In a business world that moves extremely fast, companies have to innovate quickly to stay ahead of the competition. The goal is always to create a product that user's will need and love. To achieve the best results possible, many businesses are adopting Human-Centered Design (HCD) principles into their product development processes. HCD focuses on the end-users of a product or service. It determines their requirements and helps to design solutions that are going to meet those requirements.
In this article, you’ll see briefly what HCD is all about and some of the advantages it brings to the table. Then you’ll learn more about the design process that will allow you to implement Human-Centered design into your organization and your products.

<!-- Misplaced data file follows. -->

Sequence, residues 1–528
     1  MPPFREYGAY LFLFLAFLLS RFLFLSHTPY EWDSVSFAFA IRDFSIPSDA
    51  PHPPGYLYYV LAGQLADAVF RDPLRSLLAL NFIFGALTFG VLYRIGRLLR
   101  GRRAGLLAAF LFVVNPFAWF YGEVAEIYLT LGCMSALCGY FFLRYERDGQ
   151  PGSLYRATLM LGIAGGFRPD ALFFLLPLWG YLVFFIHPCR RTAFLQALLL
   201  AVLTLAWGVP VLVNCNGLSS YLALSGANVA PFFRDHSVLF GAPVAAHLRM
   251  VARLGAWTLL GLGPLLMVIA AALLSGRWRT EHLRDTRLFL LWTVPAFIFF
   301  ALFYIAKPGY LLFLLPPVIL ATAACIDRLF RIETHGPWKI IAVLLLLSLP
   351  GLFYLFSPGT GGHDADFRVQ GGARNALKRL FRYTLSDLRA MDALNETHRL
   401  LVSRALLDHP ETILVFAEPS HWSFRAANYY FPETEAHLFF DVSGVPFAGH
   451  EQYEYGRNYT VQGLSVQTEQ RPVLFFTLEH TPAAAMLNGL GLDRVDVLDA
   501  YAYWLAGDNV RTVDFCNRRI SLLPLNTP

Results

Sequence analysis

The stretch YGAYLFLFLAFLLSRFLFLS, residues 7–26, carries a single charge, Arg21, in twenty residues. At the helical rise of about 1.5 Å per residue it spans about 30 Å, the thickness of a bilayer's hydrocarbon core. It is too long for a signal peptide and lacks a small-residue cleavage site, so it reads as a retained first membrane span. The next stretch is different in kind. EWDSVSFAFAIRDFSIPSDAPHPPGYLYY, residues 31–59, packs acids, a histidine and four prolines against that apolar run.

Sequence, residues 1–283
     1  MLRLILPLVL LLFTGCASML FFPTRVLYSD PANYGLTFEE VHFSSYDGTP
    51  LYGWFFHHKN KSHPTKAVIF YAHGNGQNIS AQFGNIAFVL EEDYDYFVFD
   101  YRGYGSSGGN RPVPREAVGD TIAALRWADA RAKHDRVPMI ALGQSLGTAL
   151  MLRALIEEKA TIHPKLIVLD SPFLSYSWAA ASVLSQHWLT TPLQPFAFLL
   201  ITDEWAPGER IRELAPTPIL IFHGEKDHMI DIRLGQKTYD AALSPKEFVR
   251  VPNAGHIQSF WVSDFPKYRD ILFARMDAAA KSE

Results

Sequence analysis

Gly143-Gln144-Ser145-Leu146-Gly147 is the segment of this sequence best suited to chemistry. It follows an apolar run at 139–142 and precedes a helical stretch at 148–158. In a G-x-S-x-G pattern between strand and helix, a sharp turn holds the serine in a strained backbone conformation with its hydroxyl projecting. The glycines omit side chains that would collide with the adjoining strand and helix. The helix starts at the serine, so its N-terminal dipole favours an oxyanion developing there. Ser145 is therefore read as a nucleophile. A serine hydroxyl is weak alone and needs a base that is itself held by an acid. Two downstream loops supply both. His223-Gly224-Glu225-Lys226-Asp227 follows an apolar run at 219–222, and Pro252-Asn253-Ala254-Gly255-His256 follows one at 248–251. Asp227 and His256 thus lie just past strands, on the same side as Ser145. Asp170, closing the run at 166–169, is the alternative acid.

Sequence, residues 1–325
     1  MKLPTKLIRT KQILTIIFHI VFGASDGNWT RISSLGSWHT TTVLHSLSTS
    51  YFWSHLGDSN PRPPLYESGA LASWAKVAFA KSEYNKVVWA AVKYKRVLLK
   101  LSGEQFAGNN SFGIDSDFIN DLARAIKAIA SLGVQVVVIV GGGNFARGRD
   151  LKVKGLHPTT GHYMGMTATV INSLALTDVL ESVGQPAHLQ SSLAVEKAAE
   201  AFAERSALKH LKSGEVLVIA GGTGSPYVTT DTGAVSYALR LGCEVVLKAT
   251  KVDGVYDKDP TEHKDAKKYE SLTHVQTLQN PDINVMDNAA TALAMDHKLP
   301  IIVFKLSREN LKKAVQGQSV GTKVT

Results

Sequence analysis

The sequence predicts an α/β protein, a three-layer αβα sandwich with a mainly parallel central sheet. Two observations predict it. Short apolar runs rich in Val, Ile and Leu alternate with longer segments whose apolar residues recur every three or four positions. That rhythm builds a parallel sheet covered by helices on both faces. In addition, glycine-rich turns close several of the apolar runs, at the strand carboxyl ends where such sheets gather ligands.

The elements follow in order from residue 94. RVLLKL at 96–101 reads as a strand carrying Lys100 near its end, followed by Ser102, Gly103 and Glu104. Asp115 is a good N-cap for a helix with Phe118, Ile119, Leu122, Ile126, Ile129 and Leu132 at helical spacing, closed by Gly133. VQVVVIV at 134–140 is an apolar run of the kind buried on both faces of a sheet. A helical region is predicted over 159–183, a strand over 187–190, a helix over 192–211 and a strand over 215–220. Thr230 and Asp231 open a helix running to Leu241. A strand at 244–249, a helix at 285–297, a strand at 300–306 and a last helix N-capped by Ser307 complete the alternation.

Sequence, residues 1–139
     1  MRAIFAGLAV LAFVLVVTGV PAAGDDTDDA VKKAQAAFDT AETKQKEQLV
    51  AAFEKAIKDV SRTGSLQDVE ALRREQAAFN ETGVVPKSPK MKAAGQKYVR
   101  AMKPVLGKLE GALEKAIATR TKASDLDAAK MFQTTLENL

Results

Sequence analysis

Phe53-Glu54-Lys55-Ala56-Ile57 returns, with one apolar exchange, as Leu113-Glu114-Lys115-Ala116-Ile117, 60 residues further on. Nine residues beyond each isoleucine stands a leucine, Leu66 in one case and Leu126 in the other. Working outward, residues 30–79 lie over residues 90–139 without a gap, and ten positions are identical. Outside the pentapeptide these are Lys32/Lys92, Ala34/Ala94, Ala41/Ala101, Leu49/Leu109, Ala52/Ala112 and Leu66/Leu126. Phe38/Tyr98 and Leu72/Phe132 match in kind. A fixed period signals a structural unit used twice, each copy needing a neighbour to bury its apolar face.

What is Human-Centered Design?
First, it's essential to understand what HCD is and why it's important. Human-centered design is an approach to problem-solving that involves the human perspective in all steps of the process. Simply put, it's empathetically designing for people. Nowadays, there is an over-reliance on rational problem-solving, so many people in the tech and science industries completely disregard emotions and human perspective from being important parts of the problem-solving process. By doing this, they completely eliminate the most multi-faceted and complex part of the whole problem, which is our users - the humans.
Read more about the importance of human-centered design in today's business world.